- The Washington Times - Wednesday, July 21, 2010


Mercy for terrorists is a mistake. Almost a year ago, 57-year-old former Libyan intelligence agent Abdel Baset al-Megrahi was released from prison in Scotland where he was serving a 27-year minimum term for his role in the 1988 bombing of Pan Am Flight 103 over Lockerbie. The convicted terrorist was said to be suffering from terminal prostate cancer and had three months to live. He was set free on compassionate grounds so he could die with dignity in his homeland, among his family. The tragedy is that al-Megrahi’s health miraculously improved when he returned to Libya, and he is still alive months after his projected expiration date.

The issue has returned to public attention because of the role of current “devil incarnate” BP in securing the deal to release the murderer. The troubled petroleum giant admitted last week that it lobbied the British government in 2007 to conclude a prisoner transfer agreement with Libya. This outrage was perpetrated ostensibly to protect a $900 million oil-exploration deal signed with Tripoli that year. London concluded the agreement but the Scottish government rejected releasing al-Megrahi, who was diagnosed with cancer the following year.

Upon his eventual release, al-Megrahi was given a hero’s welcome in Libya, which Tripoli had pledged would not happen. He is now nearing four times his projected life expectancy after being released. London-based cancer specialist Karol Sikora revealed earlier this month that the three-month life-expectancy projection was the verdict that the Libyan authorities - who had commissioned him to examine al-Megrahi - had been hoping to receive. He told the London Sunday Times, “It was clear that three months was what they were aiming for. Three months was the critical point. On the balance of probabilities, I felt I could sort of justify (that).” The three-month number, however, was on the low end of the real projection range. “There was always a chance he could live for 10 years, 20 years,” Dr. Sikora admitted. “But it’s very unusual.” Mysteriously enough, the high-end estimates never made it into the report.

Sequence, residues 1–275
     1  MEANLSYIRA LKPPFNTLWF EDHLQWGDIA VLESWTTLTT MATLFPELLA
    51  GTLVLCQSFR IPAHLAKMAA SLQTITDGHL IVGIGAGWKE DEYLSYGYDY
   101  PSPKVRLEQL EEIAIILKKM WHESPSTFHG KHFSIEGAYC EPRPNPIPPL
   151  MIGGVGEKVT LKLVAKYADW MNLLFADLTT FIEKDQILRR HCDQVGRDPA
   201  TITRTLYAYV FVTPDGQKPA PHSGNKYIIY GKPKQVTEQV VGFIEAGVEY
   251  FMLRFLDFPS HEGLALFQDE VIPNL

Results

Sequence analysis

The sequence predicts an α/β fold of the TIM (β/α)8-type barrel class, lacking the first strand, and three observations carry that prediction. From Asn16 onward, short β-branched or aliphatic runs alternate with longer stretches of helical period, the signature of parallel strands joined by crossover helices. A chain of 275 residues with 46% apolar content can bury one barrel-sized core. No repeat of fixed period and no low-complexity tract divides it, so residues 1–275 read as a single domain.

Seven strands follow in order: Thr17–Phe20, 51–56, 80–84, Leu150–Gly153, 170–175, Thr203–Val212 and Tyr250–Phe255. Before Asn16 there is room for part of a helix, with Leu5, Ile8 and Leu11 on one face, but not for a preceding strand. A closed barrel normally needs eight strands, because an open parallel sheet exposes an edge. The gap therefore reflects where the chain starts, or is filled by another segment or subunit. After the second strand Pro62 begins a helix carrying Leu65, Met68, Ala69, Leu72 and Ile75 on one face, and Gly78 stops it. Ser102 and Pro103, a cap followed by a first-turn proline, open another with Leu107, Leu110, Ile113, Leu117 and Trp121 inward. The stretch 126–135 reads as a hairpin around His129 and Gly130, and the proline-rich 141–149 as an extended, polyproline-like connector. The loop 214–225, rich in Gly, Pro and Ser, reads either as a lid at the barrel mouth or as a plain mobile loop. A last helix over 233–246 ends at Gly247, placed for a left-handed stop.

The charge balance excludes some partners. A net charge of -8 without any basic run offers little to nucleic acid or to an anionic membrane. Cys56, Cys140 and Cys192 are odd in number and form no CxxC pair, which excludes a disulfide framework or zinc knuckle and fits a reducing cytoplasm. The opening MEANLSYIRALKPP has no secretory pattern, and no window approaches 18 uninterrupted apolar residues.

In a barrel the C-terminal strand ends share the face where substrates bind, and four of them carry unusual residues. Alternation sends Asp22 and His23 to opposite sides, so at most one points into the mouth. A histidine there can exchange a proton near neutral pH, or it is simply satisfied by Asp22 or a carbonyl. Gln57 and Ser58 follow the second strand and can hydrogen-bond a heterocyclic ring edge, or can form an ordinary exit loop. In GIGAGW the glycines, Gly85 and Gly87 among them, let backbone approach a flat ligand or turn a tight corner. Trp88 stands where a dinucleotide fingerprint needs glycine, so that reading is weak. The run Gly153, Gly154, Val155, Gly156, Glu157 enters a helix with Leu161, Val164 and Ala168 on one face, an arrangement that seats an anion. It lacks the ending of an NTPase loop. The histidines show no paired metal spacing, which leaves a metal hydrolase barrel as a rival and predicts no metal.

It doesn’t take high-level corporate intrigue to make this a scandal. This story is outrageous even without BP’s complicity in it. Al-Megrahi was a mass murderer who should never have been released under any circumstances. On Dec. 21, 1988, Pan Am Flight 103 was traveling from London to New York when it exploded at 7:02 p.m. local time. The Boeing 747 disintegrated in a fireball and plummeted 31,000 feet to Earth. The debris dug a 50-foot crater in the town of Lockerbie. All 259 people on the plane were killed, along with 11 more innocents on the ground who were crushed under the wreckage. Al-Megrahi was convicted of 270 counts of murder, probably the largest conviction for terrorism in history.

It is misplaced compassion to release a terrorist to be able to die in comfort with his family in a place of his choosing. His victims were not given those choices, and they received no compassion. Scottish First Minister Alex Salmond said he made the decision to free the terrorist in good faith, and that he has no regrets. Between him and al-Megrahi, that makes two of them.



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